Upon examination, however, it was found that the construction of slack water navigation in the Tioga was not practicable, or at least too expensive to warrant the outlay of the amount of money required. Subsequently, by acts of the Legislature of the respective states, the companies were authorized to construct railways along the Tioga River between the pointes named. But the roads were not built till after many years of financial tribulation, and then were laid with only the old-fashioned strap rails. The companies mentioned passed through various vicissitudes and changes of name. The Tioga Navigation Company, the Pennsylvania Corporation, because the Tioga Railroad Company, and the Tioga Coal, Iron, Mining and Manufacturing Company, the Mew York Corporation became, first, the Corning and Blossburg Company, and afterward the Blossburg and Corning Railroad Company. The old companies and the parties engaged in operating their roads, engaged with varying success in the business of transporting the products of the mines to market, but the market was limited to a small quantity of coal and the business was far from remunerative.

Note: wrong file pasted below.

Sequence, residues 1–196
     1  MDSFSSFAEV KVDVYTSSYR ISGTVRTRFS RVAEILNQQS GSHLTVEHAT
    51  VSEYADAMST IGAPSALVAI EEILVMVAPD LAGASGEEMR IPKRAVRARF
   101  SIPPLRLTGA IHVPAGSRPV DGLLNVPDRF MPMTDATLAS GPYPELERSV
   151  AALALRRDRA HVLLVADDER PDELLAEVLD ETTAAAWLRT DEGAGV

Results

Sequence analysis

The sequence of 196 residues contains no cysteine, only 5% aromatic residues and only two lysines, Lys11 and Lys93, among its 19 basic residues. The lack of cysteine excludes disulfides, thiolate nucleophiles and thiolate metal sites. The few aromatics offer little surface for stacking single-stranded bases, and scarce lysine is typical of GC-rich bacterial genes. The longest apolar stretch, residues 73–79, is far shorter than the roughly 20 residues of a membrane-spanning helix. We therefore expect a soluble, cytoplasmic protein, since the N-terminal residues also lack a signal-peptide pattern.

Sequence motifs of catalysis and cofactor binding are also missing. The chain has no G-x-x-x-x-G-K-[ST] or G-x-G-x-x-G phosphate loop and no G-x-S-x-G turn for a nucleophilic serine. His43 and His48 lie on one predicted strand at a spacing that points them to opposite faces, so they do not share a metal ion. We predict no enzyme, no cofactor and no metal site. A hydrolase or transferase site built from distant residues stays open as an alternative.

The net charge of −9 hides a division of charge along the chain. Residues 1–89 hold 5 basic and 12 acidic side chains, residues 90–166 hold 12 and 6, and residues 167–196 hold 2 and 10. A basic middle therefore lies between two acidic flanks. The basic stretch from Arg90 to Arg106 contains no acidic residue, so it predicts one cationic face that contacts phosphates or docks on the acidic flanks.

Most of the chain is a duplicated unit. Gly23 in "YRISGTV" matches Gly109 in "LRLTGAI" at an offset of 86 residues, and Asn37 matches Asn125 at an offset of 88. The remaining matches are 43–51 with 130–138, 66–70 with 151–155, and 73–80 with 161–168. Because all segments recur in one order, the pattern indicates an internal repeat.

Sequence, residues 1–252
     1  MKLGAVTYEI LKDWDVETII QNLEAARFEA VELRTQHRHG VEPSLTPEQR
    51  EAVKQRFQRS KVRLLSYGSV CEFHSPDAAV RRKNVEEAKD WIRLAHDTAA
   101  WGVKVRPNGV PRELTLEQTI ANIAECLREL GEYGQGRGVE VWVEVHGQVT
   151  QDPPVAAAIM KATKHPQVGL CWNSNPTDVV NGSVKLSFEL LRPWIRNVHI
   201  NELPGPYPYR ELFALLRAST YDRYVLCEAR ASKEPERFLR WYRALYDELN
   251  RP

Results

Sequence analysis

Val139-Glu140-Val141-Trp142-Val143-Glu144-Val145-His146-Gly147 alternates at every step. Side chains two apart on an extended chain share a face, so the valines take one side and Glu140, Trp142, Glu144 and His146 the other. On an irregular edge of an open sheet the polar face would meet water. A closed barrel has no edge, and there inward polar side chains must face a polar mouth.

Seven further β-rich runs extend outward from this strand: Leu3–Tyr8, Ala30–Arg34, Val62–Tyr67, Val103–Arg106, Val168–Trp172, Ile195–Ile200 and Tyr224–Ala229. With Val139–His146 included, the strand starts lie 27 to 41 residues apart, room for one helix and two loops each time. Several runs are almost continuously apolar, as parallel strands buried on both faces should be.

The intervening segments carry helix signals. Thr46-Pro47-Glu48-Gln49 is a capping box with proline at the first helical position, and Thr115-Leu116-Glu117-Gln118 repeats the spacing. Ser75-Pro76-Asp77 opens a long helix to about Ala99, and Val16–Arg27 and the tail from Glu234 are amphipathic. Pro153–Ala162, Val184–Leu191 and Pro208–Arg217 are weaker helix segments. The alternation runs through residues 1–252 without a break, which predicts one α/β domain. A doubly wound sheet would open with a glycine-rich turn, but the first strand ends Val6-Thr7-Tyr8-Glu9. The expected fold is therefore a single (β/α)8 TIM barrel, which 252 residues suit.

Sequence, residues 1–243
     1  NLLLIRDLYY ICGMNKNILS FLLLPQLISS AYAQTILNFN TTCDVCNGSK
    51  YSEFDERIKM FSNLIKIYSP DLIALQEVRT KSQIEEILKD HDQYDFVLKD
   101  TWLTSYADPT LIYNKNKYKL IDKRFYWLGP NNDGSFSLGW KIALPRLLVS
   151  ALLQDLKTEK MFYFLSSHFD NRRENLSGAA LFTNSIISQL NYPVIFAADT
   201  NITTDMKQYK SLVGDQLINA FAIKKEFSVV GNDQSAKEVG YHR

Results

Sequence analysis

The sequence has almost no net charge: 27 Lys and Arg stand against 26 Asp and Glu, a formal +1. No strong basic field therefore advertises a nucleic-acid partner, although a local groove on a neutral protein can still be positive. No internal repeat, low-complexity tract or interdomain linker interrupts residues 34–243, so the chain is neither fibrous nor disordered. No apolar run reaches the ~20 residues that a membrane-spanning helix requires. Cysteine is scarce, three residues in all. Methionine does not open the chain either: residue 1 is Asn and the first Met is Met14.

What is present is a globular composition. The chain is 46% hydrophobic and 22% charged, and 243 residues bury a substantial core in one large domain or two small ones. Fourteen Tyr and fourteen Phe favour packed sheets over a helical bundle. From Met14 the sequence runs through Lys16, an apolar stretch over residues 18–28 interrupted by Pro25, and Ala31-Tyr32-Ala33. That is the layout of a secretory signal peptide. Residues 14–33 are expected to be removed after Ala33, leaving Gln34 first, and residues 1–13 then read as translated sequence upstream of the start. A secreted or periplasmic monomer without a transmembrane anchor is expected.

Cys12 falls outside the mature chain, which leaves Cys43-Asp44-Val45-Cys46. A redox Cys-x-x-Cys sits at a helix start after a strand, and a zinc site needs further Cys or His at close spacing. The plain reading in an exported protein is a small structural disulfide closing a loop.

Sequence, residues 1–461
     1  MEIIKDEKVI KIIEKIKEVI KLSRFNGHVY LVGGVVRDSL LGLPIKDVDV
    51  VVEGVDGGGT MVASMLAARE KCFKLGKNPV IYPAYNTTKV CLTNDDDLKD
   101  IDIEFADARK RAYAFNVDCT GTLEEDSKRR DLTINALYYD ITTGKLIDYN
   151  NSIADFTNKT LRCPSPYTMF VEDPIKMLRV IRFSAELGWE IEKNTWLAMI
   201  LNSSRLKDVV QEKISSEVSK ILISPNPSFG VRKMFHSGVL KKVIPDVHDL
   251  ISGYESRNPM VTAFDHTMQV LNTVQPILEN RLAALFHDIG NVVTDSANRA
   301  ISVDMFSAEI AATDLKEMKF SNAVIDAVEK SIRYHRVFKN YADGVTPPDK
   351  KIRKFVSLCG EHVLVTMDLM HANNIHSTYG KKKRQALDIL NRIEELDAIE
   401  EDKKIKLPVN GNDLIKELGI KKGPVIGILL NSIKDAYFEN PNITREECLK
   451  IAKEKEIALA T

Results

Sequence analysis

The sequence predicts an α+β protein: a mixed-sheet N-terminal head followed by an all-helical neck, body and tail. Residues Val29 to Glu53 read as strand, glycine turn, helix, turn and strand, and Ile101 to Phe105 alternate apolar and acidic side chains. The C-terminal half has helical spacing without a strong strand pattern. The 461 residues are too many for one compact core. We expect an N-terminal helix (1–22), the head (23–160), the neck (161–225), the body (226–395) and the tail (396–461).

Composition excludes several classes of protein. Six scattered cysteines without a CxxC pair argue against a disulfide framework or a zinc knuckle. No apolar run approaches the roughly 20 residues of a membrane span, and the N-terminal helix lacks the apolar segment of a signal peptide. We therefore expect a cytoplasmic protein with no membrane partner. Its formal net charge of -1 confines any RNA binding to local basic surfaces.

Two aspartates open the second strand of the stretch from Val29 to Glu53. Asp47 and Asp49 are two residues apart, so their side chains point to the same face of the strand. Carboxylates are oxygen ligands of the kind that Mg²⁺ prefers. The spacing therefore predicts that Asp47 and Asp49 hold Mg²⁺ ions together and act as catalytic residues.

But in time the opportune moment came to develop the mines of Tioga County, and when it came John Magee was ready with the capital, with the will and determination to prosecute the work. How ably his son Duncan S. Magee, seconded the efforts of his father in this work you all know. The commemoration of the father and the history of his enterprises today, would be incomplete without due mention and record of the zeal, the ability and the work of his son Duncan S. Magee, whom I know was to love and honor.